Columbia Garden Club celebrates plants, history

Sunday, May 23, 2010 | 12:01 a.m. CDT

COLUMBIA — The Columbia Garden Club combined history and horticulture on Saturday with its Annual Flower Show, this year titled “Maplewood Memories."

Held at the historical Maplewood House, originally built in 1877, the flower show was an opportunity for club members, gardeners and plant lovers to learn about Maplewood House, enjoy plants grown by fellow Columbia residents and get new ideas for their own gardens.

Other garden shows

Central Missouri Hemerocallis (Daylily) Society and the Show Me Iris Society are having garden shows at the Boone Regional Library. The Show Me Iris Society's show is June 12, and the Central Missouri Hemerocallis (Daylily) Society's show is July 10. Both are 1-4 p.m., free and open to the public.

Cindy Deegan, eight-year member of the Columbia Garden club and five-year entrant in the show, describes her gardening as an addiction.

“It’s magic; things change so fast in a garden,” she said.

Deegan said plant fads are fickle, like shoes or sweaters, and the shows are an opportunity to acquire more popular plants. The club members find plants that they can’t find in nurseries anymore through sharing bulbs and plants. They share with fellow gardeners at their plant sales and through the garden club.

“You can go to a flower show and learn a lot,” said Karen Blackmore, president of the Columbia Garden Club and a member of the Iris and Daylily clubs of Columbia. Each flower in a show has a name on it, and this helps attendees in adding to their own gardens if they see something they like.

The show has been held at the Daniel Boone Regional Library in previous years. But this year, the club wanted to put on a placement show, which are usually held in homes, Blackmore said.

“We place the entries on the furniture or on tables, which is different than just setting entries out in a row,” Blackmore said. Entries filled the parlor, kitchen, dining room and hallway of the house.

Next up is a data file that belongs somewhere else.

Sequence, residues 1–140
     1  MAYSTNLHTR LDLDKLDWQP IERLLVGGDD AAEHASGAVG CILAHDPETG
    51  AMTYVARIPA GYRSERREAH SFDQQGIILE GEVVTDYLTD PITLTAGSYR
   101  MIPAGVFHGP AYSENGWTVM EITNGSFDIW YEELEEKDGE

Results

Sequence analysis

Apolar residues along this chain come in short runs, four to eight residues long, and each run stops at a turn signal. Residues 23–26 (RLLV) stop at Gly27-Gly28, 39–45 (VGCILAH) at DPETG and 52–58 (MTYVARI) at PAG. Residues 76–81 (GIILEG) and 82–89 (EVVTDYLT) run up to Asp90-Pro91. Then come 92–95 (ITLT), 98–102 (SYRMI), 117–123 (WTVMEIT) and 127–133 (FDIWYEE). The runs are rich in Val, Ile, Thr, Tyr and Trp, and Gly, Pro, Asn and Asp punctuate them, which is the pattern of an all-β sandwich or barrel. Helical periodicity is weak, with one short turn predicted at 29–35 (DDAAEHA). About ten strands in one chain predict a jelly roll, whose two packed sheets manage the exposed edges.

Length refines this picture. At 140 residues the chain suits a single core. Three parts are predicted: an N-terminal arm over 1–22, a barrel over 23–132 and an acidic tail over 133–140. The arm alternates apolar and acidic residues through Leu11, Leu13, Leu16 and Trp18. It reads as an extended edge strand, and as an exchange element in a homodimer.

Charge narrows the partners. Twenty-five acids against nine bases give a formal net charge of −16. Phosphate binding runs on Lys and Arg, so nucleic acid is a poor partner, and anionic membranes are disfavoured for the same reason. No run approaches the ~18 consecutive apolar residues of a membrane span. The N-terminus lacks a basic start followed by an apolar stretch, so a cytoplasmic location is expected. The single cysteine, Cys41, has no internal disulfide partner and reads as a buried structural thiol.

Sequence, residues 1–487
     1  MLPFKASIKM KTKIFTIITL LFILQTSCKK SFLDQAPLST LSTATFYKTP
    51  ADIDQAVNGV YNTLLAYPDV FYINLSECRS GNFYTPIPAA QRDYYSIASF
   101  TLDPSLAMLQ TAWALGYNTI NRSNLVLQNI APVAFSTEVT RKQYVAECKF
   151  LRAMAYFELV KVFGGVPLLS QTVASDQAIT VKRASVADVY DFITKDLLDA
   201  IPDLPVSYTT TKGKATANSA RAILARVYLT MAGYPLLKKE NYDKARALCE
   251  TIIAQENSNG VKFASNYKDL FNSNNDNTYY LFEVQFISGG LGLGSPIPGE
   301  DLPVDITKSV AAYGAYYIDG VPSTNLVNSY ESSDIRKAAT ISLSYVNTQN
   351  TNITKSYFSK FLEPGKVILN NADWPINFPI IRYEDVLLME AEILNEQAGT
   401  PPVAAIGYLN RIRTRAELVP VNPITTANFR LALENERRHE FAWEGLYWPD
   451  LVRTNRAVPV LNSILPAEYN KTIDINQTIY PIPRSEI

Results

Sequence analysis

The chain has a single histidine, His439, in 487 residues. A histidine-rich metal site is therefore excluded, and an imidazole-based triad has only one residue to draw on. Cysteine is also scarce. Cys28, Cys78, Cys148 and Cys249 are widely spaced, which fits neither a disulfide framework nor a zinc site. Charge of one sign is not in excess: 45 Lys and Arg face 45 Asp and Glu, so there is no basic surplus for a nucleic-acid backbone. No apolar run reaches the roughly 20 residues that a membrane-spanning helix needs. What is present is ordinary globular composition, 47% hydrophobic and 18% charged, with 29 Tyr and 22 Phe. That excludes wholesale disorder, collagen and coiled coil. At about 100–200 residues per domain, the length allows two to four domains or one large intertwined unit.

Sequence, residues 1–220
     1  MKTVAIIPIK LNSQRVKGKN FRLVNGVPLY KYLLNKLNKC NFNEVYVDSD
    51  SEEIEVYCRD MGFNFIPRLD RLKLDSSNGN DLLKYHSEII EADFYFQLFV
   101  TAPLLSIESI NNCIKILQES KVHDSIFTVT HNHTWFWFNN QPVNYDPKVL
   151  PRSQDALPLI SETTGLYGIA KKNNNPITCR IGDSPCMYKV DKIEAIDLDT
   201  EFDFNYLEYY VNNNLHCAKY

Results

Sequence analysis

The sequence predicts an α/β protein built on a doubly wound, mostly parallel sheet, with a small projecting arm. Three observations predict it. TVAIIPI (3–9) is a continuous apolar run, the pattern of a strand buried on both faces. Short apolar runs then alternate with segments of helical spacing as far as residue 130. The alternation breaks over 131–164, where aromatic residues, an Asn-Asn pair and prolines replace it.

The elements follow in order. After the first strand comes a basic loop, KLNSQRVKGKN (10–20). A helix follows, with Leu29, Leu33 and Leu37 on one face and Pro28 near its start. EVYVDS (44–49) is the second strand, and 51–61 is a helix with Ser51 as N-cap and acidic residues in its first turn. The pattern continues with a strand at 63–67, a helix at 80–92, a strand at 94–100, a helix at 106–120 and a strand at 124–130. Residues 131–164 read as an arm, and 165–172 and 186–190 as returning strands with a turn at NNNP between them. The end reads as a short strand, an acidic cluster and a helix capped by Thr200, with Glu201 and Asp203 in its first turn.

The show included a horticulture division, a design division and a special exhibits division. The design division included five classes. Each design entry was created with the imagined tastes of the late Maplewood House inhabitants in mind and was reminiscent of the period of the house.  

The “Miss Lavinia’s Treasures” category, for example, was named after Lavinia Lenoir, who lived in Maplewood House with her husband, Frank Nifong, in the 1800s. Entries in the category were placed on several mantles in the house to be judged and admired.

Bill Crawford, former president of the Boone County Historical Society, helped with the restoration of the Maplewood House 36 years ago and was in attendance at the show on Saturday.

“We got this place restored, and now we have a flower show here,” said Crawford, who calls the Maplewood House the crown jewel of the historical society. Crawford worked as the research chief with the Missouri Conservation Department for 30 years before retiring in the 1980s.

The Columbia Garden Club currently has 67 members, mostly from the Columbia area, but also from surrounding areas such as Paris, Moberly, Jefferson City and Ashland. The club’s goals are to beautify Columbia and educate the public on gardening. Members bring flowers to the Boone Regional Library and the Wyatt Guest House at the Ellis Fischel Cancer Center each month and put on garden shows for the public.

The club also holds a spring plant sale each year to sell plants to the public. The proceeds go toward a scholarship that is awarded to a graduating high school senior from Boone County who is planning to major in horticulture at MU, Deegan said. 

The club meets at 1 p.m. on the second Monday of every month except July and August.

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